Smile.Dog, often referred to by the filename, Smile.jpg, is a malevolent husky fabled to have existed since the early days of the Internet. The lore holds that the file is a cursed remnant of Usenet who found his way onto 4chan. In reality, this tale of a bizarre photo that drives everyone mad showed up on 4chan’s /x/ forum around 2009 and has been a meme ever since. It’s a creepy photo that has nonetheless garnered its share of fans.

Much like other urban legends, creepypasta reveals modern anxiety over technology, especially in regards to media and forms of communication.

Jeff the Killer is likewise known for his maniacal grin, but unlike Smile.Dog he also comes with his own creepypasta origin story. It appeared on the Internet in August 2008, courtesy of Newgrounds user “killerjeff,” who uploaded an image of the noseless “Jeff” with the dubious assurance that “I’m a nice guy.” The Internet soon produced long and short variants of a creepypasta that tells of a terrifying killer urging his victims to go to sleep while smiling creepily at them—the last thing they ever see. On YouTube, user Sesseur gave us this happy video:

Five Nights at Freddy’s fans may find the up-close-and-demented image strangely familiar

6) Candle Cove

Written by Kris Straub, creator of short horror and creepypasta site Ichor Falls, Candle Cove taps into a recurring fear for many of us: inexplicably bizarre children’s television. The fabricated conversations between adults recalling the macabre, ultimately terrifying variety show they used to watch as kids struck a chord with so many people that today some people think “Candle Cove” was a real ‘70s television show.

After you’ve read Straub’s story, cap it off with this monstrous film version of the final “scene.”

7) Black-Eyed Kids

Are they aliens? That creepy kid from The Grudge? According to some, Black-Eyed Children, or BEK for short, are a real-world paranormal phenomenon in line with “Shadow People” and other creepy non-human entities.

Actually, they’re a creepypasta written by a Texas reporter, Brian Bethel. In 1998, Bethel was a member of Usenet’s alt.folklore.ghost-stories, where he posted this chilling tale of a mysterious encounter with two malevolent children whose eyes were all black:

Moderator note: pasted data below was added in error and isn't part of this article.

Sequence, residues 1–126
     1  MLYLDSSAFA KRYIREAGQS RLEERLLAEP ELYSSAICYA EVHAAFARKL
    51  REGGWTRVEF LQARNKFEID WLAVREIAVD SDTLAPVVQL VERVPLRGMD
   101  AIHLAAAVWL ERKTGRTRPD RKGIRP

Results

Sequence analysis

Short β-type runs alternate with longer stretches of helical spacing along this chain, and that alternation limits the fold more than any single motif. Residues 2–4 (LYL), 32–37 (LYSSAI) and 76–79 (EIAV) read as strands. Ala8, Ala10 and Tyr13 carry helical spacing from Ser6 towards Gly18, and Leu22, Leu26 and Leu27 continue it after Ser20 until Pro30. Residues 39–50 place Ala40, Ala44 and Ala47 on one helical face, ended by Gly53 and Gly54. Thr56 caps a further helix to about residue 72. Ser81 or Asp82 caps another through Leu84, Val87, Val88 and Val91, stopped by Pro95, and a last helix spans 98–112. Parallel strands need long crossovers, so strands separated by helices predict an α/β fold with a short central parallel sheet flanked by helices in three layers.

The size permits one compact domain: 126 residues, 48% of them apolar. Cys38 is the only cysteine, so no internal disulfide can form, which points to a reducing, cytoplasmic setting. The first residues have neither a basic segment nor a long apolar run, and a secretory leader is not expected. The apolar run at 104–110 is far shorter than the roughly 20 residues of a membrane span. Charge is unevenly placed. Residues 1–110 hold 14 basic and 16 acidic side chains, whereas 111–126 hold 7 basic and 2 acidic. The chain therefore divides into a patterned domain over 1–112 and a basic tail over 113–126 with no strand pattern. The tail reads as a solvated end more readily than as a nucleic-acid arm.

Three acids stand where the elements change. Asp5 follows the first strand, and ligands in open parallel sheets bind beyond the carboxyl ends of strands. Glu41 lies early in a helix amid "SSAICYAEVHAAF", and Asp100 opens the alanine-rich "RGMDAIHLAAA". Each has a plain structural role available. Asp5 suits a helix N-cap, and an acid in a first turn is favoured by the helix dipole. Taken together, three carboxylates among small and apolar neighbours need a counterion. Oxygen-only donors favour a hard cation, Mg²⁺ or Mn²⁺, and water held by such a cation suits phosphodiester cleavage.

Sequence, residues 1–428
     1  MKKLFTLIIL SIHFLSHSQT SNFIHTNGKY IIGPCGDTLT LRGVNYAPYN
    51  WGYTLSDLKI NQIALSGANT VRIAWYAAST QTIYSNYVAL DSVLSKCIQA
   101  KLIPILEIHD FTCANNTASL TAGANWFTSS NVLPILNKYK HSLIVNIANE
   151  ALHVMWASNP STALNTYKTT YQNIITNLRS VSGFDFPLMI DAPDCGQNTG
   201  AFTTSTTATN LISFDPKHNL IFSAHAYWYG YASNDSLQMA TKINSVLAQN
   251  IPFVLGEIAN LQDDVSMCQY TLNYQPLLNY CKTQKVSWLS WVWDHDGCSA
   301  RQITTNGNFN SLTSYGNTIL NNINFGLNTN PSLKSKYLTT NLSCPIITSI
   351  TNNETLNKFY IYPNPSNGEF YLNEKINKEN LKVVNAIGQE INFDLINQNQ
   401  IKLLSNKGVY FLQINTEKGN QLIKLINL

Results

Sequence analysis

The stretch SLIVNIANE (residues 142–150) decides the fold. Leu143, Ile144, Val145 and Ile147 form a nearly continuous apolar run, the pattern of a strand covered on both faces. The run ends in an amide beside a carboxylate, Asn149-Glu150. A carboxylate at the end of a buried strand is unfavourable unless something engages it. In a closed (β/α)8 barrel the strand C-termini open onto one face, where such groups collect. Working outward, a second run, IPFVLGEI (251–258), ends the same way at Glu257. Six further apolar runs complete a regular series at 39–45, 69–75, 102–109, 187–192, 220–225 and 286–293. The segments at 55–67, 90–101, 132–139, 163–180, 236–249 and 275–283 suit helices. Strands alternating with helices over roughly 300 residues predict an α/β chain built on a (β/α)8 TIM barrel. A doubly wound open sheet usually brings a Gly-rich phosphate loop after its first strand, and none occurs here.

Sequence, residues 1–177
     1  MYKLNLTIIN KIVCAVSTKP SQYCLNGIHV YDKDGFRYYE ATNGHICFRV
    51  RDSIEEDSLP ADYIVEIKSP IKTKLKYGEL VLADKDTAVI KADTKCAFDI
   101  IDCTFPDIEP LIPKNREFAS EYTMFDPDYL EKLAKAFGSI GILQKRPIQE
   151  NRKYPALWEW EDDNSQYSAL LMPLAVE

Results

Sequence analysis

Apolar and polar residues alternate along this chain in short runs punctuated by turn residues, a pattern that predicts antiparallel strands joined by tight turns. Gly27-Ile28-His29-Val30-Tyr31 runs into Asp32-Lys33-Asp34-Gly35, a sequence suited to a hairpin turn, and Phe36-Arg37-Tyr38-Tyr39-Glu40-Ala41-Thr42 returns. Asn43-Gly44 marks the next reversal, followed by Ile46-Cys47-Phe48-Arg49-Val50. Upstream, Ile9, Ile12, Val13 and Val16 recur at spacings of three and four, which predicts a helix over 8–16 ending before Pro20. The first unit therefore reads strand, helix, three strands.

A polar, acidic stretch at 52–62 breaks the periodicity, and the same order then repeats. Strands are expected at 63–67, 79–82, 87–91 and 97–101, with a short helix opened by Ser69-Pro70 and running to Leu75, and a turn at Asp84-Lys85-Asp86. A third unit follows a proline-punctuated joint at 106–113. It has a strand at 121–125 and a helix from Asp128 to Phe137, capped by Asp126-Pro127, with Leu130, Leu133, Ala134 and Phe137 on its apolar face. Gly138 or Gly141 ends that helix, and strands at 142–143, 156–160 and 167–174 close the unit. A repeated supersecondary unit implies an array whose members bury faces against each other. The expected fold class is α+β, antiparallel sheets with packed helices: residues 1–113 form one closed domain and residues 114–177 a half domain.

“C’mon, mister. Let us in. We can’t get in your car until you do, you know,” the spokesman said soothingly. “Just let us in, and we’ll be gone before you know it. We’ll go to our mother’s house.”

We locked eyes.


They were coal black. No pupil. No iris. Just two staring orbs reflecting the red and white light of the marquee.

Bethel posted dozens of similar ghost stories during his time on the Usenet group and even posted an even creepier follow-up to the original BEK story.  But his original tale hit the collective imagination so hard that Bethel had to write a BEK FAQ just to keep up with demand for more info about the new urban legend.

“Do I believe something unnatural was at work? Yes, most likely,” he wrote on the FAQ, now archived. “The fear is what keeps haunting me, that unexpected sensation of being sized up, somehow unconsciously manipulated and in danger of life and limb.”

Since Bethel’s original story, hundreds of people have reported similar BEK sightings.

Want more?

Check out the Daily Dot’s list of 13 frightening creepypasta tales for true aficionados.

Still not satisfied? The main creepypasta sites,, the Creepypasta Wiki, Creepypasta Index, and the Slenderman Wiki all offer a bottomless supply of contributions to existing lore as well as new stories for your perusal.

Reddit’s No Sleep forum encourages the cream of the creepypasta crop through monthly contests to choose the most insomnia-inducing story of the bunch. Read the past monthly winners, download their ebook compendiums, check out the monthly No Sleep podcast, and check out subreddits similar to this one.

If you liked Candle Cove, there’s more where that came from at the host site, Ichor Falls—though the author, Straub, has ceased updating because nothing scares him anymore.

Tumblr’s creepypasta tag brings you highlights from around the Internet, as well as lots and lots of creepypasta fanart. TV Tropes has a subcategory devoted to their favorites, while has a directory of sites and YouTube channels to keep you busy.  KnowYourMeme’s Creepypasta series is also impressive.

Finally, the Creepypasta Survival Guide will help you stay alert and alive during all the reading sessions that await you.

Just don’t blame us when you can’t sleep.


A version of this story was originally published on the Daily Dot Oct. 31, 2012.

Illustration by Max Fleishman